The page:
The Lower Thames Conservation Authority (LTVCA) has confirmed that the Thames River is experiencing a toxic blue-green algae event.
On August 28, LTVCA staff noted a discolouration in the Thames River, near Chatham, Ontario, and contacted the Ministry of the Environment and Climate Change (MOECC) in London. MOECC staff undertook sampling at several locations and advised on Tuesday that it was a cyanobacteria bloom (blue-green algae) in the. They confirmed that the samples taken contained the species responsible for shutting down drinking water intakes on Lake Erie in 2014.
“I think this algae outbreak in the Thames River reminds us that nutrient runoff from farm fields not only affects Lake Erie, but has negative consequences for many of the rivers and streams in our watershed as well,” said Raj Gill, Great Lakes organizer for Canadian Freshwater Alliance.
MOECC identified a small population in McGregor Creek, which did not appear to be the seed population for the Thames. They then sampled as far up as Kent Bridge Road but the river did not appear to be affected. MOECC determined that the cyanobacteria bloom seemed to be focused around central Chatham, which was confirmed by LTVCA staff when driving the river from Kent Bridge downstream to Prairie Siding yesterday afternoon.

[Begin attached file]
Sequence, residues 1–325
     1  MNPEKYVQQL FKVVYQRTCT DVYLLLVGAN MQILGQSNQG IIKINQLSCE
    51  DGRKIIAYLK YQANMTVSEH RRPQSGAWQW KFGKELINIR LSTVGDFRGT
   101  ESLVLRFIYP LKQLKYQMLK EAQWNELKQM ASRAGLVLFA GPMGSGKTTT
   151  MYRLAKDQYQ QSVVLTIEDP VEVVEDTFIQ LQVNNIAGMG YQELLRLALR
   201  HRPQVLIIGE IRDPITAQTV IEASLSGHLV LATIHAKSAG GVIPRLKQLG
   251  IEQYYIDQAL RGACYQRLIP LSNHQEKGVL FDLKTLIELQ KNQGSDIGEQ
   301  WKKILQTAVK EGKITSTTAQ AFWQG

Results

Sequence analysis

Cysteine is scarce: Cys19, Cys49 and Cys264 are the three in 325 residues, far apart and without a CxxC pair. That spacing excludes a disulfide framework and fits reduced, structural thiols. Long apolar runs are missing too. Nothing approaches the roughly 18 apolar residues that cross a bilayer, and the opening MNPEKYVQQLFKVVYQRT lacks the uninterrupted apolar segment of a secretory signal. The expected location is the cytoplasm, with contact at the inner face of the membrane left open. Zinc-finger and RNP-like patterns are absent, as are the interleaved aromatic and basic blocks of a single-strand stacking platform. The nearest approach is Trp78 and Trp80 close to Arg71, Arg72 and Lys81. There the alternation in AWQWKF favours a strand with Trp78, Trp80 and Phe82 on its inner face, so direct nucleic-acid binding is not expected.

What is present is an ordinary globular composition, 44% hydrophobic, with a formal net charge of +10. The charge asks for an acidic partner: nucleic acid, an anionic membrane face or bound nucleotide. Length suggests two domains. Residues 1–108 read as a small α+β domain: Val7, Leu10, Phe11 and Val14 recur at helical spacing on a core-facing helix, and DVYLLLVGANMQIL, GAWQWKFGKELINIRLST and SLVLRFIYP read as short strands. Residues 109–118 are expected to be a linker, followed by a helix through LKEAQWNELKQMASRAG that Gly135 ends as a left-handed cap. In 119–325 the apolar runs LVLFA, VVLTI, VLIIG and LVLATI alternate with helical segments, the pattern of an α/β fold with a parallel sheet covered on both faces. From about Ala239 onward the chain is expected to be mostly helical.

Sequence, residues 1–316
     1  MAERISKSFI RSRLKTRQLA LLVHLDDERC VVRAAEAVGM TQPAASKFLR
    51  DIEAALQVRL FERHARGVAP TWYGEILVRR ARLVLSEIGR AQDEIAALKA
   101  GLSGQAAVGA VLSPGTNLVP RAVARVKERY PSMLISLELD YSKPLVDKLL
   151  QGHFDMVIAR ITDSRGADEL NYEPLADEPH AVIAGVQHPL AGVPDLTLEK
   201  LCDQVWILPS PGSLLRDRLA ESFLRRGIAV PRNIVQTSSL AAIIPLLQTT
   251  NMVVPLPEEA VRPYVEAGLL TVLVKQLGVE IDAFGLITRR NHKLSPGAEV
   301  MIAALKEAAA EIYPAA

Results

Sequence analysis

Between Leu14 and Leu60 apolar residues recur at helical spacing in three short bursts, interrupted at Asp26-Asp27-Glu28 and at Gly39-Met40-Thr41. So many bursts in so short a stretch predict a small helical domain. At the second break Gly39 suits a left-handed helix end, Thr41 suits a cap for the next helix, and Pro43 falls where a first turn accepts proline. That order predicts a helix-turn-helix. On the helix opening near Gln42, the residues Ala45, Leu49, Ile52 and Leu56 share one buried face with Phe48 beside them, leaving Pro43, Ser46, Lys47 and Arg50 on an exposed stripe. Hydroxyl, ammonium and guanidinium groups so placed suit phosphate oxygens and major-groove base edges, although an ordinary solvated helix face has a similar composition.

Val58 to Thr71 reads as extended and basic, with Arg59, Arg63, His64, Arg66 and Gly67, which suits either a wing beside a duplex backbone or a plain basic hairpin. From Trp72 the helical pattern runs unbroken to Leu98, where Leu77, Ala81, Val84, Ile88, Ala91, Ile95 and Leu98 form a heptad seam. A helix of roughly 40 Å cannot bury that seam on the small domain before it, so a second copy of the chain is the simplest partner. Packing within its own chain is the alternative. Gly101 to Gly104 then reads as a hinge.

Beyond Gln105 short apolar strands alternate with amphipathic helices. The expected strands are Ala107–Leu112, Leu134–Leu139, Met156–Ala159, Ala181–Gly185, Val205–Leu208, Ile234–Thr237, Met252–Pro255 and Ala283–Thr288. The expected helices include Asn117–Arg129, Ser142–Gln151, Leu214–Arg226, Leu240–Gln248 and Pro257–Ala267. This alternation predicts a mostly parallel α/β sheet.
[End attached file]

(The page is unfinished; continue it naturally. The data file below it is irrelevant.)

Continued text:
“Runoff pollution from farm fields is a major cause of these blooms. With 75 per cent of the land in our region in agricultural production, our food systems are inextricably linked to water and water health,” said Gill.
The bacteria does not always produce the toxins associated with fish kills and other threats to animal and human health. LTVCA staff did not witness any fish die-offs when reviewing the river on Tuesday. However, it’s advised that people should take extra caution and avoid the river, especially children, pets and livestock. Animals should be kept away from the water and not allowed to drink from the river.
Coincidentally, today is the last day to participate in the Canadian Freshwater Alliance’s drive to have Canada’s new food policy reduce the nutrient runoff from agricultural activities. “The development of the new Canadian Food Policy is an opportunity to affect important change to advance healthier food and water.”
Follow this link to sign a declaration on reducing nutrients in agriculture as a part of Canada’s new food policy.